One day, as I went through one of the many fruit boxes full of documents formerly belonging to my grandparents, I happened upon an undated, uncited obituary for J. J. Siever. It took some time and re-reading of the article for me to make the connection that J. J. Siever was Johann Jakob (or John Jacob) Seewer, my third great-grandfather.
Up to this point, I had my grandma’s pedigree chart, which gave his birth year as 1854, his death year as 1917, his parents as Peter Johann Jakob Seewer and Susanna Catharine Reller, and his wife as Lucia Gander. I also had two photographs, which indicate that he enjoyed smoking a pipe.
I examined the article further. Flowery descriptions aside, there was a lot to be gleaned from it.
- He died of heart trouble.
- He lived near Gruenheim Church. (I didn’t know where that was, but I could find out)
- He was about 60.
- Lucia was still alive. (Unless he had remarried)
- He had several children still living.
- One daughter was married to Christ Camenisch.
- He immigrated from Europe. (With a name like Siever/Seewer, probably Germany or Switzerland)
- He was a citizen of Lincoln County. (Another location clue)
- He was a farmer and stock raiser of Jersey cattle.
- He was a good man and a fair businessman. (Not necessarily a relevant fact, but the kind of thing you like to find out about your ancestors)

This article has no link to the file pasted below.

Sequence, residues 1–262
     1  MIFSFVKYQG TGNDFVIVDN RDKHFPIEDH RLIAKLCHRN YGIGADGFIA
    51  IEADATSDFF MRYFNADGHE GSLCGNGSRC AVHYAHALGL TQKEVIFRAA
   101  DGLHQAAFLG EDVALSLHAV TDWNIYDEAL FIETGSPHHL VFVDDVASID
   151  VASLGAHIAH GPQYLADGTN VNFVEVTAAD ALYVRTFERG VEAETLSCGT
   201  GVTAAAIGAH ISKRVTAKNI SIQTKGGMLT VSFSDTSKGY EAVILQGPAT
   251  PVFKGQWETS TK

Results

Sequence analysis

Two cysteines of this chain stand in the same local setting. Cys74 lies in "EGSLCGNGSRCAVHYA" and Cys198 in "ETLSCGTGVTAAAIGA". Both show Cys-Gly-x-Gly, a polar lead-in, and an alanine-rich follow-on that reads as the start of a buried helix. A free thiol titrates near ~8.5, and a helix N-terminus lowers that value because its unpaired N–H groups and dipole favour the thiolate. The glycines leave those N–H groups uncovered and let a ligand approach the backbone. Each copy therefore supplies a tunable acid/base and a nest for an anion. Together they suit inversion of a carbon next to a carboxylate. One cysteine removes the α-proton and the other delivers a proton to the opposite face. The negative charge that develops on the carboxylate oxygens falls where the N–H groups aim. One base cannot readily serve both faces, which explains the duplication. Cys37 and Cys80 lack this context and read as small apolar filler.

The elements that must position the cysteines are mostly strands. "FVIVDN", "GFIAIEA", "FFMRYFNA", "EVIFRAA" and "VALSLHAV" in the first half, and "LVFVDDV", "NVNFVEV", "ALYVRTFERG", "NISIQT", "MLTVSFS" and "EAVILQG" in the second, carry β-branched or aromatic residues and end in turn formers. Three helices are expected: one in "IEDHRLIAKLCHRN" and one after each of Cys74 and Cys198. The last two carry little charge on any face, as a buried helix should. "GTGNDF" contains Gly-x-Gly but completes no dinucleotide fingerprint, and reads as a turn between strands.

- He had several medals for expert marksmanship.
I looked him up on Find A Grave. His tombstone gave a birth date of October 10, 1854 and a death date of September 18, 1917. The biographical information confirmed what was on the pedigree chart. I trust this information because it was added by one of my cousins, who has done extensive research on this branch of the family. Find A Grave also gave me a location for Gruenheim and Lincoln County. They are in Kentucky.1
I looked for census records after that. With Ancestry, sometimes less is more, so I looked for John Seewer, born circa 1854, living in Kentucky. I found him in 1910 in Hustonville, Lincoln County, Kentucky, with his wife and a son. From this census, I learned that he and Lucia married circa 1878. He was born in Switzerland and immigrated in 1881. He was a farmer. Seven of his children were still living.2
Since he immigrated in 1881, he wouldn’t be in the 1880 Census. There are no surviving Kentucky fragments of the 1890 Census. I was still missing him in 1900. I tried the search again but I changed Seewer to Siever. Soundex wouldn’t have picked it up in my initial search because the codes would be different. Sure enough, there was J J Seiver. This record didn’t give me much new information, but it did confirm previous discoveries.3
It’s strange. I only have a handful of sources for him, but I know more about him than I do about other ancestors for whom I have lots of sources. That’s the value of a well worded obituary, I suppose.
- “Peter Johann Jakob Seewer (1854 – 1917) – Find A Grave Memorial.” FindAGrave.com. Douser, 21 Jan. 2010. Web. 29 Mar. 2011. Find A Grave Memorial # 46950505.
- 1910 United States Federal Census. Ancestry.com, 2009. Web. 07 Mar. 2011. Hustonville, Lincoln, Kentucky. p.8A. Family #152, lines 22-24.
- 1900 United States Federal Census. Ancestry.com, 2009. Web. 07 Mar. 2011. Turnersville, Lincoln, Kentucky. p.1B. Family #11, lines 55-60.